According to an independent market research firm, the ultraviolet disinfection market will expand to reach an estimated value of $2.5 billion in 2019.

Based on a $993 million value in 2012, New York-based Persistence Market Research also predicts a compound annual growth rate of 14.1 percent in the years from 2013 to 2019.

The surge is anticipated due to the replacement of traditional chlorine-based disinfection with UV technology — a technique, findings suggest, that many consumers, companies, and government entities see as a lower-cost maintenance option.

The pool and hot tub industry is not the only driver of UV market growth. Some Western European countries are expected to invest $123.8 billion by 2017 in drinking water treatment and water network facilities, which will likely include the use of UV disinfection equipment, Persistence reported. North America is also expected to show a continued increase in market demand from the healthcare industry in the United States.

The research firm listed low installation and operation costs, and ease of maintenance as reasons the products will become more popular in the coming years. UV treatment takes 6 to 10 seconds to treat water in a contact tank compared with chlorine, which takes about 15 to 20 minutes, according to findings from Persistence Market Research.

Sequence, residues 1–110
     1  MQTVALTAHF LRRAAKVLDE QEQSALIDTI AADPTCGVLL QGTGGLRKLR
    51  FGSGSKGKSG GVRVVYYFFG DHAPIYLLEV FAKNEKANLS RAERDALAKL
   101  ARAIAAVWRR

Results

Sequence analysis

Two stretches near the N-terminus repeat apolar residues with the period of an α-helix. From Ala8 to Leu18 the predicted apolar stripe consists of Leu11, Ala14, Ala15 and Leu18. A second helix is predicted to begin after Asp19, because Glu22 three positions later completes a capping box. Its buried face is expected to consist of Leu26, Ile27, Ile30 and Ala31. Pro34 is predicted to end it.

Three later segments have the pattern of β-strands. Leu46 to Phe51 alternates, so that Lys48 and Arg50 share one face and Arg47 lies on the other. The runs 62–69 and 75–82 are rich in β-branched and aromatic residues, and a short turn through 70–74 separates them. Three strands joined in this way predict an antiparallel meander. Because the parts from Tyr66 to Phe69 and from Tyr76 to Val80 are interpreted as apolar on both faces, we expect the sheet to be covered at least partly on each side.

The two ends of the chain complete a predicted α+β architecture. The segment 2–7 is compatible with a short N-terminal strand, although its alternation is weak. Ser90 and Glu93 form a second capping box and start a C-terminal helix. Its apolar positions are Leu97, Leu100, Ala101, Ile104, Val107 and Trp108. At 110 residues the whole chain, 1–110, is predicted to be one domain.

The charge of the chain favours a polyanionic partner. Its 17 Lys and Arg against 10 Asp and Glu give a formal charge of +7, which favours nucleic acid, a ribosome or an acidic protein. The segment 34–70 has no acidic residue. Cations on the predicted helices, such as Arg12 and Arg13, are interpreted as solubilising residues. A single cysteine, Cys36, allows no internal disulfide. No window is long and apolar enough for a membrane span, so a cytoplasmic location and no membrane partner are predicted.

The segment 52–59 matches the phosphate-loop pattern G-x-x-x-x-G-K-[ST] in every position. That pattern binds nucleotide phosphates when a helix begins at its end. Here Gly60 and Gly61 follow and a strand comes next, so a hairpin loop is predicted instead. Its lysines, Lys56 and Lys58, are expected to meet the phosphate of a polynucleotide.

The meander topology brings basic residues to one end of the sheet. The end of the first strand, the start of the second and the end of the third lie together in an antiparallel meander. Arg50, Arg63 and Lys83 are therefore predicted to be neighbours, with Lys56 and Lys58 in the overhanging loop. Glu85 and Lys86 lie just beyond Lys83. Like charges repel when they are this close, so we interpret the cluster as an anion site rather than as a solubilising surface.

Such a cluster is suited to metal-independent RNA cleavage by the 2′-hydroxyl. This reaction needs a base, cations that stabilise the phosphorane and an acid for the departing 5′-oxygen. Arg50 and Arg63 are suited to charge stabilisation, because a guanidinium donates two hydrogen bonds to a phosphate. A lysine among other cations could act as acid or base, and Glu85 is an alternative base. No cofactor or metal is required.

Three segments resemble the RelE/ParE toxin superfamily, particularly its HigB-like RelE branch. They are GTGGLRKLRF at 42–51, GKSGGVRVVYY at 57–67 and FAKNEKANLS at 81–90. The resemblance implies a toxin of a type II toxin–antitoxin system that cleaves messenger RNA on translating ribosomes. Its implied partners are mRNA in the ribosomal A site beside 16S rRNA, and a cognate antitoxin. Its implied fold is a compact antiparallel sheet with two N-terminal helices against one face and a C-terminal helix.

Advanced Oxidation Process (AOP), a sanitation method that works by combining ozone and UV disinfection, is becoming a trend beyond the wastewater-treatment world and is effective against chlorine-resistant cryptosporidium and giardia without leaving harmful byproducts, Persistence said. In addition to healthcare applications, AOP also has recently become an affordable option for residential pools, report manufacturers of the systems.

New technological advances may also have an impact on the uptick of UV disinfection equipment usage. In 2012, the UV Light Emitting Diode (LED) was introduced to UV disinfection, bringing added energy efficiency and a reduction in unit size. Data from Persistence Market Research puts the annual energy consumption cost for an LED system around $279 and a traditional UV lamp at around $4,562.